The Bristol 403 – the definitive Bristol
I shall always blame Robin Pitman for inspiring my interest in Bristol cars. He was my revered art master at school who gave a design tutorial in 1953 to 20 young boys on the virtues of the new Bristol 403. After an hour of design analysis all us boys came away with a dream of owning an aerodyne (as they are known) one day. It took me until 1972 to realise this dream when “The Bristol”, as it is known by the family, came into our lives and continues today to be a cherished mode of transport in the Manley household.
Personal experiences with my Bristol powered race cars
by Bill Watkins
I began sports car racing on May 1, 1955 in my 1954 Triumph TR2. Six weeks later, I saw an Arnolt-Bristol for the first time at a race that was held at Hansen Dam Park in the San Fernando Valley region of Los Angeles County. It was owned by Rudy Cleye; restaurateur, and later the builder of Riverside International Raceway, who was helping in the pits that day as was I. I was impressed by its appearance and later, as I attempted to compete against their 120 horsepower with my 90 horsepower Triumph, with their performance. In early 1957 I saw an advertisement for a used Arnolt Bristol at a dealership in Scottsdale, Arizona, about 400 miles away.
My Experience in Preparing and Racing Arnolt Bristols
by Bill Watkins
Over the years, I have owned and raced four Arnolt Bristols and a Cooper Bristol. In addition, I bought a D2 engine and gearbox that was removed from an AC Bristol coupe. I have raced these cars from California to New York and in Mexico, England and New Zealand.
During that time, in an attempt to improve performance and reliability as well as to replace components that were scarce or too costly, I have made certain substitutions.
From Godfrey Oxley-Sidey’s archives.
I came across this carefully handwritten document while trying to catalogue Godfrey Oxley-Sidey’s archives. It was alongside some drafts of the instruction manuals for 2 Litre cars so may have been intended for inclusion in one of the instruction manuals. See more
Quest to recover rare Arnolt-Bristol roadster spans 50 years, 2 continents
A story about an Arnolt-Bistol and the quest to retrieve it. Contains a lot of information on the Arnolt-Bristols. See more.
The Bristol Freighter
The Bristol Type 170 Freighter was an all-purpose workhorse developed just after the war. See more
My Bristol 400,
by Dr. Stefan Cembrowicz
A story of how a young impecunious junior doctor invested in a Bristol. See more.
Treasures from the archives
Among Tony Crook’s papers very kindly donated to the Heritage Trust by his executors we came across this yellowing contemporary advertising feature. See more .
The Automobile photo shoot at the Brabazon hangar in 2017
A report on the Autobobile photo shoot in the Feb. 2017 issue. See more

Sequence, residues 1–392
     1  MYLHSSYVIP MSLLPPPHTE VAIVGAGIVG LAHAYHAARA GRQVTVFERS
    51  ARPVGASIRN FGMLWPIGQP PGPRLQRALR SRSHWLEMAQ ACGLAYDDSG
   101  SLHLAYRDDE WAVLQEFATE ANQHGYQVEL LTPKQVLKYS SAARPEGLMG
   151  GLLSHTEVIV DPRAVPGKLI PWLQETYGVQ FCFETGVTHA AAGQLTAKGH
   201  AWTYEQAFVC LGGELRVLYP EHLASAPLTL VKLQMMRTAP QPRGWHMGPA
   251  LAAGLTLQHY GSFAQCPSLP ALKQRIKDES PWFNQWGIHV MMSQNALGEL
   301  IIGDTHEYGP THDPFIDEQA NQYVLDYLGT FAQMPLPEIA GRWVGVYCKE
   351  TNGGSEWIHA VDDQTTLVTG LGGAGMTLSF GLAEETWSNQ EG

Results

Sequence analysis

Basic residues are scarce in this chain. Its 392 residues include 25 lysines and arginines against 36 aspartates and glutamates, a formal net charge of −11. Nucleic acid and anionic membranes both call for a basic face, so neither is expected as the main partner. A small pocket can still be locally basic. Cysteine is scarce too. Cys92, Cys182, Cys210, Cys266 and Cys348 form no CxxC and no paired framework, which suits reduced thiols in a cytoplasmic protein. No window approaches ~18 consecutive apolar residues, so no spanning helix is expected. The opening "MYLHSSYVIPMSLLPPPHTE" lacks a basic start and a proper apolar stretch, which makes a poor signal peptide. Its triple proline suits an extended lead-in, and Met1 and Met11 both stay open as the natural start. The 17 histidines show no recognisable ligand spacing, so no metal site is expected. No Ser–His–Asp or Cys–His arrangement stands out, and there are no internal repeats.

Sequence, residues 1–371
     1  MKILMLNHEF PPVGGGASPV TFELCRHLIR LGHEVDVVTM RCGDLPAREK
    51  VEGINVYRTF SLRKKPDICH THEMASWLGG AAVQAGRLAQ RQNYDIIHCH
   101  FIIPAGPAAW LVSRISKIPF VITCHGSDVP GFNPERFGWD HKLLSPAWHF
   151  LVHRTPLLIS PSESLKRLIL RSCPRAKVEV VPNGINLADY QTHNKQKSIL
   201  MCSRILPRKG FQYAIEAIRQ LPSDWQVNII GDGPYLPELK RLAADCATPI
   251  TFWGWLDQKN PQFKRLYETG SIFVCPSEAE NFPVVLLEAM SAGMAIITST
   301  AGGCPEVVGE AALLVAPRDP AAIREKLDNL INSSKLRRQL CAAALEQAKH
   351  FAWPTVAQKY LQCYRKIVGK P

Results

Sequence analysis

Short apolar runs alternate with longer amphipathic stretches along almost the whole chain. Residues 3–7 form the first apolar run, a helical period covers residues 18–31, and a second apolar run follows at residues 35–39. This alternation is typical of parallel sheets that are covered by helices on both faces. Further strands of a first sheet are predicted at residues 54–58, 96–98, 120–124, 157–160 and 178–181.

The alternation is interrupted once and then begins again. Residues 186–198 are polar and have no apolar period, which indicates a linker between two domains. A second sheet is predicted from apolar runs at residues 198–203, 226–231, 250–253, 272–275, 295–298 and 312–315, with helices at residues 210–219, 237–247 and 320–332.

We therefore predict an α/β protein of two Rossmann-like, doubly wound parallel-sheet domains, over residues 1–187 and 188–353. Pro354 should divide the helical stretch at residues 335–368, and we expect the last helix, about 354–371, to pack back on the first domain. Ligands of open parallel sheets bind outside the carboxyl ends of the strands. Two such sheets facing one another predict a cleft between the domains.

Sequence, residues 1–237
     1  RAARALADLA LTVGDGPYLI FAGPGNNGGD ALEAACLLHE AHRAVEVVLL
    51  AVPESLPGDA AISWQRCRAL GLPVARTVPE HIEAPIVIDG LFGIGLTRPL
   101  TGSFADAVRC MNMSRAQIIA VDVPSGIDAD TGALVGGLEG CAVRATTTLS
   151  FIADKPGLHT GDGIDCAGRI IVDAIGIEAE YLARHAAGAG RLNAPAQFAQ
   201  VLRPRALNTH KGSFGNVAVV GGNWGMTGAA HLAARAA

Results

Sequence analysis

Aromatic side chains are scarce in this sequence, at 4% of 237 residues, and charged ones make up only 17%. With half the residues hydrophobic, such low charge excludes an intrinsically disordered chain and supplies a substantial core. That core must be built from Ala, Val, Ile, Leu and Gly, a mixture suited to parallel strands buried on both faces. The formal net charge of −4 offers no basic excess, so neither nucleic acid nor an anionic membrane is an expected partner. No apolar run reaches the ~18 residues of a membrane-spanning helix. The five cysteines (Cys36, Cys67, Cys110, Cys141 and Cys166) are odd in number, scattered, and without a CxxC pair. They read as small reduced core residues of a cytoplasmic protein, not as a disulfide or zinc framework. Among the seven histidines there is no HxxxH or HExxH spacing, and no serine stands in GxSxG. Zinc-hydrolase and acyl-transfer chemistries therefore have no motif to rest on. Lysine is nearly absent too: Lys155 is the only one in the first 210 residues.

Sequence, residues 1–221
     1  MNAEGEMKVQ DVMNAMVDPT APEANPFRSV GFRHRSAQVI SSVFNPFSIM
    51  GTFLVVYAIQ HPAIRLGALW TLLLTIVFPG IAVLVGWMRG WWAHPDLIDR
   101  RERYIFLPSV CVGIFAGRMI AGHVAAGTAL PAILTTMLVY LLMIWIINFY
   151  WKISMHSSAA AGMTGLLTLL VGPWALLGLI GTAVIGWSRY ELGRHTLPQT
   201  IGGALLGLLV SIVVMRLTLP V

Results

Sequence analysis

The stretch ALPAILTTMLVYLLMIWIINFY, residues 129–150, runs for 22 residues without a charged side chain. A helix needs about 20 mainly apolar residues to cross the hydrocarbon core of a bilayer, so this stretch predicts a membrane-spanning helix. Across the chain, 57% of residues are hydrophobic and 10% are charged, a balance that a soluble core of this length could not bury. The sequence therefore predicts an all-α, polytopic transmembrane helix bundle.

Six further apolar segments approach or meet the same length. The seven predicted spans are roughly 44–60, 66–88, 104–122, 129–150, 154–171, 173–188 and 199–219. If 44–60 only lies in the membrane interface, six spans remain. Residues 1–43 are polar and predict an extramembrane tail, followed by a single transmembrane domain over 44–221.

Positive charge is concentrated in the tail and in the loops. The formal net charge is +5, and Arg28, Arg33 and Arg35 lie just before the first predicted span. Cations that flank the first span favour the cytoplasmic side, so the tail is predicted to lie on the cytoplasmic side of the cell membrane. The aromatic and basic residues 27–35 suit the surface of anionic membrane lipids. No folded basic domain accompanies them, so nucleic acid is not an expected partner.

2012 – Treasures from the archives – the 1953 450 team.
An item in the archives is a small red pocket sized exercise book. This contains a handwritten list of drivers and team members as well as other useful contacts for the 1953 Le Mans 450 works team. Jack Fairman and Lance Macklin are recorded on the front page with details of their blood groups and (cheerfully) their next of kin. See more.
Article for the Bristol Aero Collection Newsletter, May 2014
“Didn’t they used to make cars here ?” I once heard a visitor to Filton ask. Read more
On a Bristol 412, (“translated” from an article in a German magazine)
What speaks in favour of a Bristol? A question any car connoisseur has to pose himself sometime. Read more
Bristol 400 delivered to Sweden in a Bristol Freighter
Interview with Dave Allen, 24/4/2008
Dave worked at BAC between 1958 and 1964. Read more
The Beutler Bristol 401
by Brian May. January 2016
Back in the 1960s, anyone interested in collectibles and secondhand items – cars, motorcycles, bicycles, guns, clocks and almost anything else you can think of, made sure they had early sight of the Exchange and Mart magazine that appeared on the bookstalls and newsagents shelves every Thursday morning.
Interview with Ivor Halbort: Reminiscences of a Bristol Enthusiast, 2008
On life, Bristols and other cars. Read more
A Chance Meeting of Two Bristols
by Dave Dale
I spend Mondays at Brooklands Museum acting as a steward ( talking to visitors and keeping an eye on the exhibits to prevent the visitors wrecking them or stealing bits – yes it does happen! ). Read more
The Bristol 405 Motor Car
by Chris Sherwood
My relationship with the Bristol 405 commenced at an early age, and indeed did not start well. In the late 1950’s and early 1960’s, as rear seat passengers, my 2 brothers and I suffered the weekly trip to the family cottage in Wales. Read more
The Bristol 402 and my “Blue Dutchess”.
by Teb Marius,
Many tales are told of the model 402 as the “Hollywood Special”, but the true virtues of the only series-built convertible body by the Car Division of the Bristol Aeroplane Company have never been disclosed. Read more
Remembering the Bristol 404,
by Sir George White
I was five years old when the Bristol 404 was announced to the motoring press. Because my father had been the inspiration behind the founding of the Bristol Aeroplane Company Car Division and was variously its managing director, chairman and in later years its owner, I was privileged to travel widely in RAE 345 (Chassis No. 404/2001), the first of the line. Read more